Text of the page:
Researchers may be closer to improving the lives of people with coronary artery disease and children born with pediatric congenital cardiovascular defects through the development of a new vascular graft created by Johns Hopkins engineers that takes less than one week to make and has regenerative properties.
Coronary artery disease, or CAD, is the leading cause of death worldwide and people with the disease often require surgery to repair damaged cardiovascular tissue. Bypass surgery, another common intervention, requires removing the damaged tissue and replacing it with blood vessels from another part of the body, such as the saphenous vein, which runs the length of the leg and is the longest vein in the body. This method puts substantial stress on the body and has other risk factors: it requires patients to have multiple surgical sites, and those in need of the surgery because of plaque build-up may also have plaque accumulation in the grafted vein, causing further complications.
Congenital cardiovascular defects, or CCD, occurs in 1% of live births worldwide, and children born with the condition often undergo repeated surgical reconstruction as they grow. But repeated surgeries reduce the amount of usable vascular tissue for reconstruction and synthetic grafts do not grow as the child grows.
Synthetic grafts pose other challenges such as clotting, which blocks blood flow, and grafts grown from stem cells often require up to eight weeks of preparation.
To improve surgical practices and reduce the number of surgeries a person with CAD and CCD may need, a vascular graft that encourages new tissue formation with better mechanical properties that mimic natural arteries is needed. Sharon Gerecht, director of the Institute for NanoBioTechnology and a professor in the Department of Chemical and Biomolecular Engineering, and Morgan Elliott, a doctoral candidate in the Department of Biomedical Engineering, led a team of scientists in creating a natural graft that takes less than one week to prepare, dissolves as healthy tissue grows in its place, and can withstand the continuous contraction and relaxation cycle that the beating heart puts on arteries and veins.
"Our goal was to combine our patented electrospinning technology and stem cells to create a novel vascular graft that decreases fabrication time significantly, even more than grafts moving through clinical trials, while also decreasing clotting and enhancing tissue regeneration," says Elliott.
A report of their findings was recently published their findings in the Proceedings of the National Academy of Sciences.
Their electrospinning process produces thin fiber threads by applying an electrical charge and mechanical pulling to the fibrin polymer. The team chose fibrin for their graft because it is a natural polymer made by the body that prevents blood clotting, encourages new tissue formation, and increases elastin production. Elastin is a critical protein in arteries that helps tissue retain its shape after stretching. The sheets are then rolled in an alternating pattern to create a hollow tube, which is then dehydrated and stored for later use.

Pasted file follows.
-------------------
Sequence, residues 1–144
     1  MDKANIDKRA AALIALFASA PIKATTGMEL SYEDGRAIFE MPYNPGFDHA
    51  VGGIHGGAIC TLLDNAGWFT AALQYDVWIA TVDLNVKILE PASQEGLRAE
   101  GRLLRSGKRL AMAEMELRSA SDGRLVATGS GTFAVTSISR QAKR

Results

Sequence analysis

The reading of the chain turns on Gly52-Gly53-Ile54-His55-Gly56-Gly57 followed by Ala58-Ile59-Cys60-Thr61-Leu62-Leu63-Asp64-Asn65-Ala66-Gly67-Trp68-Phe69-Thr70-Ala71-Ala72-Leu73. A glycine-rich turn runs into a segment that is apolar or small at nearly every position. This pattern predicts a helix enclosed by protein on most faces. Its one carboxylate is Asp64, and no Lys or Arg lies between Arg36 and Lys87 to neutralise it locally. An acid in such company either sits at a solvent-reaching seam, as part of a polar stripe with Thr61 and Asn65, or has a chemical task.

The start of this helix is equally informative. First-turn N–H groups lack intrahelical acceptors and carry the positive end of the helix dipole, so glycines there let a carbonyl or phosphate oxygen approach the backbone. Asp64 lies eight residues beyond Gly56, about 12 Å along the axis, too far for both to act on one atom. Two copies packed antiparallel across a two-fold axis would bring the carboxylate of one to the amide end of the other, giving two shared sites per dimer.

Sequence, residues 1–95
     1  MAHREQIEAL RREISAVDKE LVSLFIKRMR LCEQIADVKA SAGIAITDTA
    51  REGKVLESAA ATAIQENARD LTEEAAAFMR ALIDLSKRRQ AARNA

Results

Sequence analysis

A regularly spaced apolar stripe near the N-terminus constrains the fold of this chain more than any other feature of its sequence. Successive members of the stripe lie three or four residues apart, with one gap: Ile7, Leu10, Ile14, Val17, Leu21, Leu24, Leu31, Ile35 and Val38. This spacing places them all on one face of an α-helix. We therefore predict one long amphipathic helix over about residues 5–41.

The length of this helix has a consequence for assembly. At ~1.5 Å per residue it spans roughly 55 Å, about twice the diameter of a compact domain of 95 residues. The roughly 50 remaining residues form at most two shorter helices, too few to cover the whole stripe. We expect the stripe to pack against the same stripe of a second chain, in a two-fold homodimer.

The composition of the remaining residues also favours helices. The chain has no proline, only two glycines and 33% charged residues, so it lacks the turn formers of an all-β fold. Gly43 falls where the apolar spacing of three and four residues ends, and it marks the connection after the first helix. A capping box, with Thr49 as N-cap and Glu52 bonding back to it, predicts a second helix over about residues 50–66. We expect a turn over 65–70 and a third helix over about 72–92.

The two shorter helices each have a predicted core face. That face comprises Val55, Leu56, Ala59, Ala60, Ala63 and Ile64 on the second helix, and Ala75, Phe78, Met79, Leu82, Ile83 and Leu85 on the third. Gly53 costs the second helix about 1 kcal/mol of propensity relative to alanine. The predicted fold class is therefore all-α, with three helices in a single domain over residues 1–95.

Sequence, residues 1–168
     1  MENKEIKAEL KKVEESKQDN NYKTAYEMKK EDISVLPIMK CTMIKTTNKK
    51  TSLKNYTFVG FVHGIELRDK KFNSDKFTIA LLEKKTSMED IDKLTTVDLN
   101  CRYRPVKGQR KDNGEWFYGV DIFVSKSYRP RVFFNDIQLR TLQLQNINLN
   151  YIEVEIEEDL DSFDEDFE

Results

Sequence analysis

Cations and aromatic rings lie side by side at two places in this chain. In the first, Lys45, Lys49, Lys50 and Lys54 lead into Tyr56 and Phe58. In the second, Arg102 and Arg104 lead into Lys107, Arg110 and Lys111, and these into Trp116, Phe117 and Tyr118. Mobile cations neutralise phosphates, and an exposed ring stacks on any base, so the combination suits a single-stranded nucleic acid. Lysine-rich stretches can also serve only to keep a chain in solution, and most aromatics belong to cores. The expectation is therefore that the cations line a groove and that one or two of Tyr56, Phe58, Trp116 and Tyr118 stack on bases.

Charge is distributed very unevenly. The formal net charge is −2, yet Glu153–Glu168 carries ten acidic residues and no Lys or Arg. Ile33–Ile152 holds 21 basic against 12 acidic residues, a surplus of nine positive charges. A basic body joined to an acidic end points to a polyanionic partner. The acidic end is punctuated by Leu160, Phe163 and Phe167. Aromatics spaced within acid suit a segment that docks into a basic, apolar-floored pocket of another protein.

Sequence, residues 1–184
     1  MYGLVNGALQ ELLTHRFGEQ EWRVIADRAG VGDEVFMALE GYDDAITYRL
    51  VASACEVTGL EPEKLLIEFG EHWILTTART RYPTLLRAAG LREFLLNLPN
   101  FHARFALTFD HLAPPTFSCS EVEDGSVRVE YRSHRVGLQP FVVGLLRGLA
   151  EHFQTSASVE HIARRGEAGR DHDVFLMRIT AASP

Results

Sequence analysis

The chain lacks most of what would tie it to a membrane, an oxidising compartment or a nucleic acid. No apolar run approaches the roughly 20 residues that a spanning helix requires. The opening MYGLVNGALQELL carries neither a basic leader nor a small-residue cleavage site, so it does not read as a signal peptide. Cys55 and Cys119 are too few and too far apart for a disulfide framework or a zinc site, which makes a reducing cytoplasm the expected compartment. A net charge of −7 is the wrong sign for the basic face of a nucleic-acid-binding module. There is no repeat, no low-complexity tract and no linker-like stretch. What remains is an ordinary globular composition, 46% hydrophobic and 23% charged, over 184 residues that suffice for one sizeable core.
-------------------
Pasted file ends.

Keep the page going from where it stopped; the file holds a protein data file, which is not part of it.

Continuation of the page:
Once rehydrated, the graft's exterior is reinforced with a poly(ε-caprolactone), or PCL, sheath to prevent sutures from tearing the graft. From there, the team follows different preparatory steps before implanting the graft, depending on the patient's needs. For emergency needs, grafts can be implanted immediately after rehydration. For patients with chronic vascular disease that know they will eventually need surgery, their stem cells can be collected and embedded on the graft before implantation.
In a mouse study, the team created small vascular grafts 0.6 mm in diameter and 3-5 mm long with and without stem cells and tested them in the abdominal aorta. After six months, both graft types showed no evidence of clotting, new tissue formed from inside the graft outward, and the grafts were able to maintain mechanical properties similar to healthy vasculature. The grafts encouraged elastin production, which has typically been a challenge in the field. Importantly, it was found that the graft mediated regeneration and the stem cells enhanced the regeneration process.
Their positive results show that their graft technology has clinical and commercial potential, the researchers say. The team plans to assess the graft's shelf life and to test 5mm diameter grafts in larger animal models.
"This research is the result of a collaborative effort among five labs, combining expertise in stem cell engineering, biomaterials, surgery, vascular mechanics, and vascular disease. The Maryland Stem Cell Research Fund, through their Validation grant mechanism, enabled us to advance the technology to pre-clinical studies. We are committed to further developing our small-diameter vascular graft platform technology to benefit patients," say Elliott and Gerecht.